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9.6. The inetd Super-Server

Inetd (often called “Internet super-server”) is a server of servers. It executes rarely used servers on demand, so that they do not have to run continuously.
The /etc/inetd.conf file lists these servers and their usual ports. The inetd command listens to all of them; when it detects a connection to any such port, it executes the corresponding server program.
Each significant line of the /etc/inetd.conf file describes a server through seven fields (separated by spaces):
The following example illustrates the most common cases:

Example 9.1. Excerpt from /etc/inetd.conf

talk   dgram  udp wait    nobody.tty /usr/sbin/in.talkd in.talkd
finger stream tcp nowait  nobody     /usr/sbin/tcpd     in.fingerd
ident  stream tcp nowait  nobody     /usr/sbin/identd   identd -i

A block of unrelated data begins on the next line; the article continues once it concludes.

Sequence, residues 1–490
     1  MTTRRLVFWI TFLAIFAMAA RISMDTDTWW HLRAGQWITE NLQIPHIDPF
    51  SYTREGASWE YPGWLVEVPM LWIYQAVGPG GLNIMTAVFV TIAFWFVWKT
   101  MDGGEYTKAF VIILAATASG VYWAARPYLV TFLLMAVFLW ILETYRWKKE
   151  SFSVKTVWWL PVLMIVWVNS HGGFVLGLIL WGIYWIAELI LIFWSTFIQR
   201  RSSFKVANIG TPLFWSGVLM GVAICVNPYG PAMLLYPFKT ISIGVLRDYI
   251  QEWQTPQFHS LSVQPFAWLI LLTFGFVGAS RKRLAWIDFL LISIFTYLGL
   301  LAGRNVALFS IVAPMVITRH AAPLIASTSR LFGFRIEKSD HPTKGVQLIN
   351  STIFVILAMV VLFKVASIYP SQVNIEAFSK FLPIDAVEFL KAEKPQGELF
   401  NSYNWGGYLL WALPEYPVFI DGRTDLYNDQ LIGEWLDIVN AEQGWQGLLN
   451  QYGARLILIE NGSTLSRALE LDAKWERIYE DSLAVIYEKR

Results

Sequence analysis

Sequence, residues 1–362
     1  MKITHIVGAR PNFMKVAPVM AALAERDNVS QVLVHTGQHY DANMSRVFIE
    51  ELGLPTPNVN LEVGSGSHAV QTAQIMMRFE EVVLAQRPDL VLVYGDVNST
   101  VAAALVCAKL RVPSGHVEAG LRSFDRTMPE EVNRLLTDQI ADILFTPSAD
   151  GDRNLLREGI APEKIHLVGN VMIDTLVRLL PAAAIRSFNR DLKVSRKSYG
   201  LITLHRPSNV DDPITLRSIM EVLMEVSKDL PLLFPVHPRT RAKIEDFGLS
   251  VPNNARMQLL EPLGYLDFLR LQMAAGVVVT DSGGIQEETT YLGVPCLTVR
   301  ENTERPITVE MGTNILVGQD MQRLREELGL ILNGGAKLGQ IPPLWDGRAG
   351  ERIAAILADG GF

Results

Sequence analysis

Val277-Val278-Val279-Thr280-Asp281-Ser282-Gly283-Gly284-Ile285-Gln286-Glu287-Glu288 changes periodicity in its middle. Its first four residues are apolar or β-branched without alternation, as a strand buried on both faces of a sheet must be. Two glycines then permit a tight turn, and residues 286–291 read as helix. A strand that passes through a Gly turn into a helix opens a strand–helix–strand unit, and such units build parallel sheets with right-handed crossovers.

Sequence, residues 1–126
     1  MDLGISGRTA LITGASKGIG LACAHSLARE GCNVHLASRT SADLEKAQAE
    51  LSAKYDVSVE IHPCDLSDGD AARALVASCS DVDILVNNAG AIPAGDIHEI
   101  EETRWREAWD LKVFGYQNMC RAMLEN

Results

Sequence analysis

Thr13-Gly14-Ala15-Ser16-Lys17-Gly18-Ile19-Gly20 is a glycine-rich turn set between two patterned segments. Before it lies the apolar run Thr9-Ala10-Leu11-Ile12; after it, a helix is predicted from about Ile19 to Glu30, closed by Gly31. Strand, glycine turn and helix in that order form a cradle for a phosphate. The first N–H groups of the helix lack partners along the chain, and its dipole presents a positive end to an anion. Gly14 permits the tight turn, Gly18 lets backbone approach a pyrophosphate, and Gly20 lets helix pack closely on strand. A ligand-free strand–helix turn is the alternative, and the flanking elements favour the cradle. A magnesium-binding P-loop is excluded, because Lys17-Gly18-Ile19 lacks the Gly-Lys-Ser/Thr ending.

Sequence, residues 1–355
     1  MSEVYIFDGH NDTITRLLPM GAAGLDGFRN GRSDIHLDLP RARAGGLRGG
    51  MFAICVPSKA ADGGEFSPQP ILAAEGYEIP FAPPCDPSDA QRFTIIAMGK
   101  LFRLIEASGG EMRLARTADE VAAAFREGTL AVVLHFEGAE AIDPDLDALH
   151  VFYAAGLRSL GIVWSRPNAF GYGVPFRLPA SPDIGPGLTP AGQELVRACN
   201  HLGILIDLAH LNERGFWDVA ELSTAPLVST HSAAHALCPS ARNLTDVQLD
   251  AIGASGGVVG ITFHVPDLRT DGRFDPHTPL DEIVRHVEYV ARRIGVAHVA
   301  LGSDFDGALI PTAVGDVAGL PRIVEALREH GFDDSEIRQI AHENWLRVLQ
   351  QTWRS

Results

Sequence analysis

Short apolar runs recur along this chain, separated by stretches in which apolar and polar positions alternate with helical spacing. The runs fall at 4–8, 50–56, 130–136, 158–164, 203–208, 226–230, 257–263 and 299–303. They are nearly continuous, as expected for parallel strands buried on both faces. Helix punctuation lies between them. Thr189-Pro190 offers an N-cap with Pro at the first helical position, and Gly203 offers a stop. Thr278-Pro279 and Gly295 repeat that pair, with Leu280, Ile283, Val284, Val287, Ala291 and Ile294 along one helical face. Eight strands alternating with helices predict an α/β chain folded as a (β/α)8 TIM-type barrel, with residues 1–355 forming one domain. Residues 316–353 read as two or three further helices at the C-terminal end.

The tcpd program is frequently used in the /etc/inetd.conf file. It allows limiting incoming connections by applying access control rules, documented in the hosts_access(5) manual page, and which are configured in the /etc/hosts.allow and /etc/hosts.deny files. Once it has been determined that the connection is authorized, tcpd executes the real server (like in.fingerd in our example). It is worth noting that tcpd relies on the name under which it was invoked (that is the first argument, argv[0]) to identify the real program to run. So you should not start the arguments list with tcpd but with the program that must be wrapped.